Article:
In Defense of the ‘Lecture’: The Pros, the Cons, and the Personal Responsibility

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In Defense of the ‘Lecture’: The Pros, the Cons, and the Personal Responsibility

Tessa Morton, Reporter

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I first stepped into an amphitheater classroom almost 12 years ago. If you asked that fresh-faced version of myself what I thought of the lecture-style academic setting, I probably would have mixed feelings. I certainly don’t think I would be jumping to defend it.  Now, after attending university, participating in an online graduate study program, and spending a semester at College of DuPage (COD), the benefits and pitfalls of the college ‘lecture’ have become clearer. More importantly, I’ve come to realize how much responsibility I personally have in ensuring my learning experience is as successful as it can be.

On March 30, 2018, Science magazine published a 10-year study of more than 550 lecturers across 25 universities in Canada and the U.S. The 30 researchers involved were looking into the success, or lack thereof, of learning strategies in STEM classes specifically. One conclusion they reached, which subsequently became the focus for many articles on the report, was that lectures just don’t work for most students. Proceedings of the National Academy of Sciences (PNAS) produced an analysis of the study. Researchers found, “on average, students in traditional lecture courses are 1.5 times more likely to fail than students in courses with active learning.”

The didactic method of teaching, where students are provided with the theoretical knowledge on a subject, often through lecture, continues to be a popular method in facilities of higher learning. The study found this style of teaching did not effectively engage students in active learning, with infrequent questions to students and not enough group work or student-centered activity. I found myself agreeing with this. I also found this was not reflective of the overall learning experience colleges try to provide students. Although lectures prevail, many professors and colleges are earnestly trying to encourage students to engage with the subject matter in so many other ways. Unfortunately, much of this requires students actually choosing to participate.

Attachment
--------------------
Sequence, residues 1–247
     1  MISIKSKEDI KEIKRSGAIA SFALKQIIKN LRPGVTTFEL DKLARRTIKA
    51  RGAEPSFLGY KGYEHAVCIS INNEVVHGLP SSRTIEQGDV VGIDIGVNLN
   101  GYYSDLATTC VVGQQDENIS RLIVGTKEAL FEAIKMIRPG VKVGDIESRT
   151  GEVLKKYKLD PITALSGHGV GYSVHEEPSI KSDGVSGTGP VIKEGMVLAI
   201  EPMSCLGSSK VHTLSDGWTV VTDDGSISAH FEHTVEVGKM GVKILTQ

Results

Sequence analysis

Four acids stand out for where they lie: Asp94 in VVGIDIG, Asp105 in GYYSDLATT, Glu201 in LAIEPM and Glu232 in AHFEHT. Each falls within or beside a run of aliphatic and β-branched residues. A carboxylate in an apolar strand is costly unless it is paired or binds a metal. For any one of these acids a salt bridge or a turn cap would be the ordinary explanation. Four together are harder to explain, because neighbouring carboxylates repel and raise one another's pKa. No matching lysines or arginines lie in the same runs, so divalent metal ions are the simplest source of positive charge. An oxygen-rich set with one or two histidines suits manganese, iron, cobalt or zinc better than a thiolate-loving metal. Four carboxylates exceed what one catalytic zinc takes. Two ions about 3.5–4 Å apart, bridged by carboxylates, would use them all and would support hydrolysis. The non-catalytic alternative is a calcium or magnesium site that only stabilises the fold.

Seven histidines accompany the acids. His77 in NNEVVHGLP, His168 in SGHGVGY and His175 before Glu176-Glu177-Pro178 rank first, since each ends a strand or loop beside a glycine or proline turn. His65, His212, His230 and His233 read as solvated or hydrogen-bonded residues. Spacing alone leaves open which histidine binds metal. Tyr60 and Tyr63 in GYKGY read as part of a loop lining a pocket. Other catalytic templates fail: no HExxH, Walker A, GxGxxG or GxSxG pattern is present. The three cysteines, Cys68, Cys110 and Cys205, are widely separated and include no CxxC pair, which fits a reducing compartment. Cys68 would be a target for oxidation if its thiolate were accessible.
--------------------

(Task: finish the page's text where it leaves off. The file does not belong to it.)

I don’t think it is fair to completely dismiss the lecture experience. During my online graduate study, I sorely missed the opportunity to sit in a classroom and hear the dry material from the textbook magically made clear when explained by a seasoned educator. With that said, I do recognize the opportunity to attend lectures should not negate the need to read the textbook, review the PowerPoints and re-engage with the material on your own time. For years I have watched other students around me in the classroom lean back and simply absorb the material presented. Perhaps this works for some, but without taking down notes and reading the related chapters many of us (let’s be honest) will struggle to retain much of what is being taught in this setting. A professor should not be expected to chisel their way into our brain and deposit the necessary knowledge in a single one-to-three-hour class, without any involvement from the student aside from being physically present.

In university, and at COD, I have seen opportunities for group work occasionally presented, but it would be naïve for a researcher to suggest the opportunity alone led to legitimate student engagement. Many of us dread group projects. There is no guarantee everyone will participate. Similarly, professors often provide ample opportunities for students to ask questions, but students fail to do so.